State v. Jewett

Annotate this Case

532 A.2d 958 (1987)

STATE of Vermont v. Raymond A. JEWETT.

No. 83-478.

Supreme Court of Vermont.

June 26, 1987.

Reargument Denied August 10, 1987.

*959 Jeffrey L. Amestoy, Atty. Gen., and Susan R. Harritt, Asst. Atty. Gen., Montpelier, and John R. Churchill, Chittenden Co. Deputy State's Atty., Burlington, for plaintiff-appellee.

Gregory W. McNaughton, Barre, for defendant-appellant.

David W. Curtis, Defender Gen., and David Carpenter, Appellate Defender, Montpelier, for amicus curiae Office of Defender General.


ALLEN, Chief Justice.

Defendant appeals his conviction for driving while under the influence of intoxicating liquor (DUI) in violation of 23 V.S.A. § 1201(a)(2). We affirm.

While driving northbound on Interstate 89, Corporal Dorfner (corporal) spotted defendant tailgating another vehicle in excess of the posted speed limit. Upon observing further reckless and erratic operation, the corporal attempted to stop the two vehicles. Defendant pulled his car over into the breakdown lane. The other vehicle pulled over a half mile further down the road. The corporal drove past defendant's vehicle and stopped near the other car. Defendant then drove off.

Shortly thereafter, another Vermont State Police officer, Trooper Markiewicz (trooper), arrived at the scene. The corporal informed the trooper of the make and registration of defendant's vehicle, and told him that the operator had been driving erratically and could be under the influence. The trooper caught up with defendant's car, and signalled him to stop. Defendant pulled his car off the highway, across the shoulder, and part way down a grassy embankment at an angle of 30 degrees to the highway before coming to a stop.

The trooper approached the car, observed that defendant's eyes were bloodshot, and ordered him to get out of the car. When defendant got out, the officer observed that he was unsteady on his feet. Feeling threatened by defendant's size, the trooper escorted defendant to the front of the cruiser to conduct a brief pat-down search for weapons. The trooper then asked defendant to perform certain dexterity tests, and upon determining that there was probable cause to suspect a DUI violation, took him to the Colchester police barracks for DUI processing.

Before trial, defendant moved to suppress all evidence obtained after the pat-down search. He argued that the pat-down search violated the Fourth and Fourteenth Amendments to the United States Constitution as well as Chapter I, Article Eleven of the Vermont Constitution, and that the violation converted the encounter into an illegal arrest requiring suppression of any evidence gained after the encounter. The court denied the motion, concluding that, even if the pat-down search was improper, the evidence sought to be suppressed was not derived from that improper encounter.

*960 I.

On appeal, defendant renews the arguments he made to the trial court. He concedes that the police had the authority to make a "brief investigatory stop based on a reasonable suspicion of illegal activity." See State v. Phillips, 140 Vt. 210, 215, 436 A.2d 746, 749 (1981). He also appears to concede that a limited search for weapons may be conducted in the absence of probable cause where law enforcement officers have reasonable grounds to believe that criminal activity is afoot and that the suspect is armed and dangerous. See Terry v. Ohio, 392 U.S. 1, 27, 88 S. Ct. 1868, 1883, 20 L. Ed. 2d 889 (1968). He contends, however, that the officer here had no such grounds and that the illegal pat-down search converted the encounter into an arrest requiring probable cause. He asserts that any evidence gained subsequent to this event was thus gained as a result of an illegal arrest and must be suppressed as a necessary sanction against unwarranted police conduct to vindicate the individual's state constitutional right to be free from search and seizure. We disagree.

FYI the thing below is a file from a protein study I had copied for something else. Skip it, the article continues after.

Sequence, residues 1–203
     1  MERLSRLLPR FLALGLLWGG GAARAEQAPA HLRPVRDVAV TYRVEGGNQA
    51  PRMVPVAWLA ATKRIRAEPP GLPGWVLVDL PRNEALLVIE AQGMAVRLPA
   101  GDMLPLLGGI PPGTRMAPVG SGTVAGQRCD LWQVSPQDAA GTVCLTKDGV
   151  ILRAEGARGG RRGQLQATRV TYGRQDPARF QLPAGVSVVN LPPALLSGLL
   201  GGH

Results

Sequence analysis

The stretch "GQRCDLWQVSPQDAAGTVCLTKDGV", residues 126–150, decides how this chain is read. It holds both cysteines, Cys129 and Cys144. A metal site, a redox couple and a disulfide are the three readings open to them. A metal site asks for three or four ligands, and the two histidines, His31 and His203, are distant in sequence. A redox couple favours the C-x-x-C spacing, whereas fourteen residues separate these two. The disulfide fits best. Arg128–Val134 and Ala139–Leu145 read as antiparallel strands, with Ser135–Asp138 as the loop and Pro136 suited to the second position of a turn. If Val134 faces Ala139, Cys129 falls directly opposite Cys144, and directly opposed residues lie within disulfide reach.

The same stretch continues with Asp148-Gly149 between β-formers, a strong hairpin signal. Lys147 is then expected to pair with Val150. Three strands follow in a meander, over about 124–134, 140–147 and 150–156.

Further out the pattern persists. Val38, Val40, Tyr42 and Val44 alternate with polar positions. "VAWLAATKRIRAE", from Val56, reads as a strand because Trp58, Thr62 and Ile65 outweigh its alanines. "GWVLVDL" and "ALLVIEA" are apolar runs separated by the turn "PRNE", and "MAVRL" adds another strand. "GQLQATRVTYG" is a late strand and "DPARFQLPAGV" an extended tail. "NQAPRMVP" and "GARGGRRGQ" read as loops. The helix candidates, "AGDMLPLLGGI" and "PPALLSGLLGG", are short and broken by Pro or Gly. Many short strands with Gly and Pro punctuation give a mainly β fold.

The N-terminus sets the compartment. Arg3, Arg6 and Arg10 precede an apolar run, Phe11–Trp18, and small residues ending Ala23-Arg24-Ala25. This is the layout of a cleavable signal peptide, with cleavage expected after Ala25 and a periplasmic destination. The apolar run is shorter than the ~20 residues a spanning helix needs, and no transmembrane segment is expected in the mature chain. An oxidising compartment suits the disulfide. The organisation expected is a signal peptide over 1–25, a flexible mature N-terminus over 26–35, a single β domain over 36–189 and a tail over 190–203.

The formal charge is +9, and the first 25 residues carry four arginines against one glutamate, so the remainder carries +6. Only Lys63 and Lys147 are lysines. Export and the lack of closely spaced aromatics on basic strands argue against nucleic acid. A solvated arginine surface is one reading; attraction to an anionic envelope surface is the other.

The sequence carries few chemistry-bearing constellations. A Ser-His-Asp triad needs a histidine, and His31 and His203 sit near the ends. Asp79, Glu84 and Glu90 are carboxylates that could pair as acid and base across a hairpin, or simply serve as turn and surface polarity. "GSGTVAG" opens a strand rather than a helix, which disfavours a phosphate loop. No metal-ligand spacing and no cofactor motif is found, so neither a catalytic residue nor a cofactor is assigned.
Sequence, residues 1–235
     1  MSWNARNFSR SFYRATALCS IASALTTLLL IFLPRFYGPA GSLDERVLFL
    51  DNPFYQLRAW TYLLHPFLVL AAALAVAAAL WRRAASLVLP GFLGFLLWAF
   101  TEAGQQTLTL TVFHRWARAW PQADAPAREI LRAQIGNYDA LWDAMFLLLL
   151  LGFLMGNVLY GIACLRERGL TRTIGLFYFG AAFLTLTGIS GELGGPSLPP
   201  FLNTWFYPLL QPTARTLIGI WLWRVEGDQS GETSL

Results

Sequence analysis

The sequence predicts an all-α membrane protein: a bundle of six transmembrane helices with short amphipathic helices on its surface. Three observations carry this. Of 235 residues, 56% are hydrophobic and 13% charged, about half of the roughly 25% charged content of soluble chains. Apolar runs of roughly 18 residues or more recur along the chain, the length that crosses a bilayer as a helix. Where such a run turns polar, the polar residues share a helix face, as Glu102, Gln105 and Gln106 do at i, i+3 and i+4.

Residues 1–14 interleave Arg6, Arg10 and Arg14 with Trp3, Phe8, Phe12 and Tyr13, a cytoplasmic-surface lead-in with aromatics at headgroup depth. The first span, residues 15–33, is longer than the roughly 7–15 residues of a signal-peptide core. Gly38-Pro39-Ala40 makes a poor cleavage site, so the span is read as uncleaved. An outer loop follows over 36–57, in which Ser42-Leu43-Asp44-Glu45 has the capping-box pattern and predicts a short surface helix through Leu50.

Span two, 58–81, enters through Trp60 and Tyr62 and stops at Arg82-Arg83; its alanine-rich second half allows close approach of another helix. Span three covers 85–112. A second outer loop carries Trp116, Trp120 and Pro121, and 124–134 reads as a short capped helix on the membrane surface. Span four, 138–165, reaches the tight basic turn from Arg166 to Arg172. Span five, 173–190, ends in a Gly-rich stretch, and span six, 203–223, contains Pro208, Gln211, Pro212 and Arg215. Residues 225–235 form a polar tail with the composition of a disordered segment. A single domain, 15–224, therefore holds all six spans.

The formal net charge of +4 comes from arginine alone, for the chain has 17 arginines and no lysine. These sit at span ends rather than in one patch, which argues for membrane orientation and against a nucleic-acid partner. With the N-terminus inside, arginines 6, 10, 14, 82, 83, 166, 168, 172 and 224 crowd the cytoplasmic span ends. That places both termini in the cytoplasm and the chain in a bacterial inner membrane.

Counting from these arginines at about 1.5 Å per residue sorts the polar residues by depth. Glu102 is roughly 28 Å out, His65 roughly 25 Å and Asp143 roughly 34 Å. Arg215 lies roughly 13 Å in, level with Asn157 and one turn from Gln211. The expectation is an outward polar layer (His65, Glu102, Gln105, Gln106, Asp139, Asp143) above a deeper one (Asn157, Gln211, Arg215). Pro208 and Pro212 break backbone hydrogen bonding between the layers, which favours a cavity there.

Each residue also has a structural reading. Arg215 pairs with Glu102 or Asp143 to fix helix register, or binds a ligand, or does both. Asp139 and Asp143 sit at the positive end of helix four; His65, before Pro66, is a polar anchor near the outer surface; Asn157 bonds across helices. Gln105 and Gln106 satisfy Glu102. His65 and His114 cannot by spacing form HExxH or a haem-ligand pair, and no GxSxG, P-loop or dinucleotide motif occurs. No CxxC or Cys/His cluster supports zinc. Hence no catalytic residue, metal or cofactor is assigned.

First, we conclude that, although Chapter I, Article Eleven of the Vermont Constitution[*] does not contain the word "unreasonable," it does not contemplate an absolute prohibition on warrantless searches or seizures. See State v. Badger, 141 Vt. 430, 454-55, 450 A.2d 336, 350 (1982) (upholding warrantless seizure of "manifestly incriminating, yet vulnerable, evidence which was openly displayed, with no attempt at concealment" where such seizure was the least restrictive action available to police). The circumstances under which warrantless searches or seizures are permitted, however, must be "`jealously and carefully drawn.'" See State v. Meunier, 137 Vt. 586, 588, 409 A.2d 583, 584 (1979) (quoting United States v. Watson, 423 U.S. 411, 427, 96 S. Ct. 820, 829, 46 L. Ed. 2d 598 (1976) (Powell, J., concurring)).

An officer's authority to arrest without a warrant is measured against the guidelines set forth in V.R.Cr.P. 3(a). A limited search for weapons, however, such as the one at issue in this case, is a wholly different kind of intrusion from an arrest.